On October 16, 2013, new rules promulgated by the Federal Communications Commission on June 11, 2012 implementing the Telephone Consumer Protection Act of 1991 go into effect regarding the requirements for prior written consent necessary to send text/sms marketing messages.
The new regulations change the consent requirement and will have significant impact on retailers and other businesses who send text/sms marketing to their customers using an automated telephone dialing system (ATDS), which the FCC and the courts have assumed includes the technology used to transmit text/sms messages. While these new rules apply only to marketing messages or solicitations, not purely informational messages, some form of consent is still required for informational messages sent to wireless numbers. Thus, written consent is likely to be preferred for those types of messages as well.
Compliance is Critical, Increase in High-Stakes Class Action Litigation
The importance of compliance with these new regulations cannot be overstated.
In recent years, there has been a significant increase in class action litigation for TCPA violations – particularly with regard to text/sms marketing messages. Given the volume of messages that are transmitted, the strict liability nature of the statute which allows for statutory damages of between $500 and $1,500 for willful violations, and the large attorney fee awards that have been obtained in these cases, it is important to be aware of, and in compliance with, the new FCC Rules and Regulations.
Prior Written Consent Requirements
There is a substantial change in the type of consent to send text messages that will now be required and whether new consents need to be obtained from customers who previously have opted in to your text/sms message program. Under the new rules, the following must be included for the prior express written consent to be effective:
The consent must be a “signed” writing but the term "signed" includes an electronic or digital form of signature to the extent such form of signature is recognized as a valid signature under applicable federal or state contract laws. Written agreements obtained in compliance with the E-Sign Act satisfy the requirements, such as agreements obtained via email, website form, text message, telephone keypress or voice recording;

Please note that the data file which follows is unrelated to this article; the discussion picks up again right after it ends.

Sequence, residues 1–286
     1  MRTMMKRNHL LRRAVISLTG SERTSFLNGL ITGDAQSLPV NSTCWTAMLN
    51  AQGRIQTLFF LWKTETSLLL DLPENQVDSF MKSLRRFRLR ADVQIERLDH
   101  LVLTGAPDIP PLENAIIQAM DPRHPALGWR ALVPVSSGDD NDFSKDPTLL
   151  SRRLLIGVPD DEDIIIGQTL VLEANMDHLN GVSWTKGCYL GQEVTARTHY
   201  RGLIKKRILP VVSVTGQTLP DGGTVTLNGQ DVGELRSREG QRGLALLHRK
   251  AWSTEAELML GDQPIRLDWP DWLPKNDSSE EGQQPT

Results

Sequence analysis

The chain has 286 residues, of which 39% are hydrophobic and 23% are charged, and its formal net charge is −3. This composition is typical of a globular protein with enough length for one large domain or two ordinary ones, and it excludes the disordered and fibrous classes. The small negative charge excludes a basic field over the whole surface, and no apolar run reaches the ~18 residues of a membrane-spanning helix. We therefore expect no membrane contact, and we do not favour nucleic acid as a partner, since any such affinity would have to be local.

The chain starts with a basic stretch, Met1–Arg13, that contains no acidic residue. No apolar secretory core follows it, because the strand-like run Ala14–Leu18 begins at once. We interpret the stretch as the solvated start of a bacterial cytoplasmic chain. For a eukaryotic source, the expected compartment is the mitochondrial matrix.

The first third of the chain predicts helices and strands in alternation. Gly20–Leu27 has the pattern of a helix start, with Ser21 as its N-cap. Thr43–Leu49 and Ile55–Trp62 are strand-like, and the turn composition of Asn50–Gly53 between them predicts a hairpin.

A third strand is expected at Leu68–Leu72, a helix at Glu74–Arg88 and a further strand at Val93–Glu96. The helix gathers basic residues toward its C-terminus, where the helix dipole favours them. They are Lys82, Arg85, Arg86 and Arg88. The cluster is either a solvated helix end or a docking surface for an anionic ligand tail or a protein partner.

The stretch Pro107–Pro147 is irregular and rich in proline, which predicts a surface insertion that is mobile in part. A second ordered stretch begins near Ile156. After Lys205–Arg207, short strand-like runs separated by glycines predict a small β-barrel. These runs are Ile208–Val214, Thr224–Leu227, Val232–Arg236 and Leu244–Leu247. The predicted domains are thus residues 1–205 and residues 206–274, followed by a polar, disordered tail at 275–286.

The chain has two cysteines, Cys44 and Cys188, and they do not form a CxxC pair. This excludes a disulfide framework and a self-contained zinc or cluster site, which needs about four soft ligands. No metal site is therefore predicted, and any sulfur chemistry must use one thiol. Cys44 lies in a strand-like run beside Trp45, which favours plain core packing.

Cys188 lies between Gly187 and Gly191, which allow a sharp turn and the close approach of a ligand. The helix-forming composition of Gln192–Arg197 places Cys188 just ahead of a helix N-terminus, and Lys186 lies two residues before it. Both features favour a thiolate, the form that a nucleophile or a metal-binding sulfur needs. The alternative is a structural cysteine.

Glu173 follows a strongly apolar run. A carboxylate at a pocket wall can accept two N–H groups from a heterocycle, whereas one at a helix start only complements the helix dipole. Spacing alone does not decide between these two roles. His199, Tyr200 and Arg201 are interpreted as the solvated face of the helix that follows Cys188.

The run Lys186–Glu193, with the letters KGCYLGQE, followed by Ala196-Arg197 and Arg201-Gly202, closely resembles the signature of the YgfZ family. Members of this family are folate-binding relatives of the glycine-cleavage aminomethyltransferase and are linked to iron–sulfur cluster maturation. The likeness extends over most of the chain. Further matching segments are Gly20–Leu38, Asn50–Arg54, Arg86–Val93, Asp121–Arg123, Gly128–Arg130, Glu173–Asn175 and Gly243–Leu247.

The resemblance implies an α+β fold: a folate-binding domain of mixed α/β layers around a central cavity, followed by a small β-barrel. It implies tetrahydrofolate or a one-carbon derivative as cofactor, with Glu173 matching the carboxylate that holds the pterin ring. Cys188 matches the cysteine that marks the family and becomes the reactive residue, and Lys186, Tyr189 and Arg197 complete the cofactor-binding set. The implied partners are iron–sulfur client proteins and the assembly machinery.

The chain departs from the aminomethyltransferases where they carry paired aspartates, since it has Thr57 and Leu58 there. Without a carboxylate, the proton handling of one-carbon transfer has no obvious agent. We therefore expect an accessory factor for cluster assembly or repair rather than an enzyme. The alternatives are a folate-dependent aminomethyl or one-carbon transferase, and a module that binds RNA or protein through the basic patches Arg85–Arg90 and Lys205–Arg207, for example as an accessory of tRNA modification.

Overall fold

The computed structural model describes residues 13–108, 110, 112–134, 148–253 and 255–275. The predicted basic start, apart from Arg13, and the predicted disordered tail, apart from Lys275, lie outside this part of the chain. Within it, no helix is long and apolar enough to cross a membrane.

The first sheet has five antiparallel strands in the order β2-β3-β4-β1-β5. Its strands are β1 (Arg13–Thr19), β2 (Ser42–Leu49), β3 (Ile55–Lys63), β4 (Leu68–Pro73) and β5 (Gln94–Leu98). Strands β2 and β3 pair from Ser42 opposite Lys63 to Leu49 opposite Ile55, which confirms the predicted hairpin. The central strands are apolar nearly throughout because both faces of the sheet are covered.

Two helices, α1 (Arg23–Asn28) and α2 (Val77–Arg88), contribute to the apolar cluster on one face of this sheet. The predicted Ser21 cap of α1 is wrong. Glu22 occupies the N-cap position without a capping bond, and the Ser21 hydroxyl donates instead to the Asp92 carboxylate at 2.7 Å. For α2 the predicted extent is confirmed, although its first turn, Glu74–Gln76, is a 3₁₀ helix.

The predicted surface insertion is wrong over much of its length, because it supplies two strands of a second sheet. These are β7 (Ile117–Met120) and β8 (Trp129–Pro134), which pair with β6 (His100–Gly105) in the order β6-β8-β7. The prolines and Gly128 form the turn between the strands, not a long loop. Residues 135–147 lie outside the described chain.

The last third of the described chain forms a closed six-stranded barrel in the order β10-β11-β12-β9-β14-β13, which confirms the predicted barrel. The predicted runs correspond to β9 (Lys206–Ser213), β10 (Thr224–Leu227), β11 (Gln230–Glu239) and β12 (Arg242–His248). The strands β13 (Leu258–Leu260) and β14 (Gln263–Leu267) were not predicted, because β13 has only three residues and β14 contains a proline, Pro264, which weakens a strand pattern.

The consent must clearly authorize the seller to deliver or cause to be delivered the marketing message to the telephone number specifically authorized by the signatory;
The written agreement shall include a clear and conspicuous disclosure informing the person signing that:
By executing the agreement, such person authorizes the seller to deliver, or cause to be delivered, to the signatory telemarketing calls using an automatic telephone dialing system or an artificial or prerecorded voice; and
The person is not required to sign the agreement, directly or indirectly, or agree to enter into such an agreement as a condition of purchasing any property, goods, or services.
While the rules and regulations do not specifically indicate that the new consents must be obtained from customers who have previously provided a form of written consent, the June 2012 Final Rule reflects that the consent provisions were delayed a year to give businesses an opportunity to redesign websites and programs to obtain the new forms of consent. (See June 2012 Rules at ¶50-53). Also, given the four year statute of limitations for TCPA claims, it is recommended that records relating to the written consents be kept for a period of four years from the date the consent was obtained--even though the new rules only require a retention period of 24 months.
Given the high stakes of TCPA class action litigation, it may be advisable to obtain new consents from existing opted-in customers to minimize TCPA litigation risk exposure. Further, if the new consents from existing opted-in customers are to be obtained by text/sms messaging, the opt in requests should be sent prior to the October 16, 2013 deadline.
 This update is directed solely to issues relating to text/sms messaging and calls to wireless numbers and not the other new provisions that relate to calls to residential lines such as the elimination of the established business relationship exemption for such calls.
 The TCPA defines an ATDS as “equipment which has the capacity to both (1) “store or produce telephone numbers to be called, using a random or sequential number generator; and (2) to dial such numbers.” 47 U.S.C. § 227(a)(1). The courts have interpreted this definition to mean that if equipment merely has the “capacity” even if not used, that is enough to come within the definition. This precise issue is currently before the FCC pursuant to a Petition for Declaratory Ruling filed by GroupMe. (GroupMe, Inc., Petition for Expedited Declaratory Ruling and Clarification, CG Dkt No. 02-278 (filed Mar. 1, 2012)).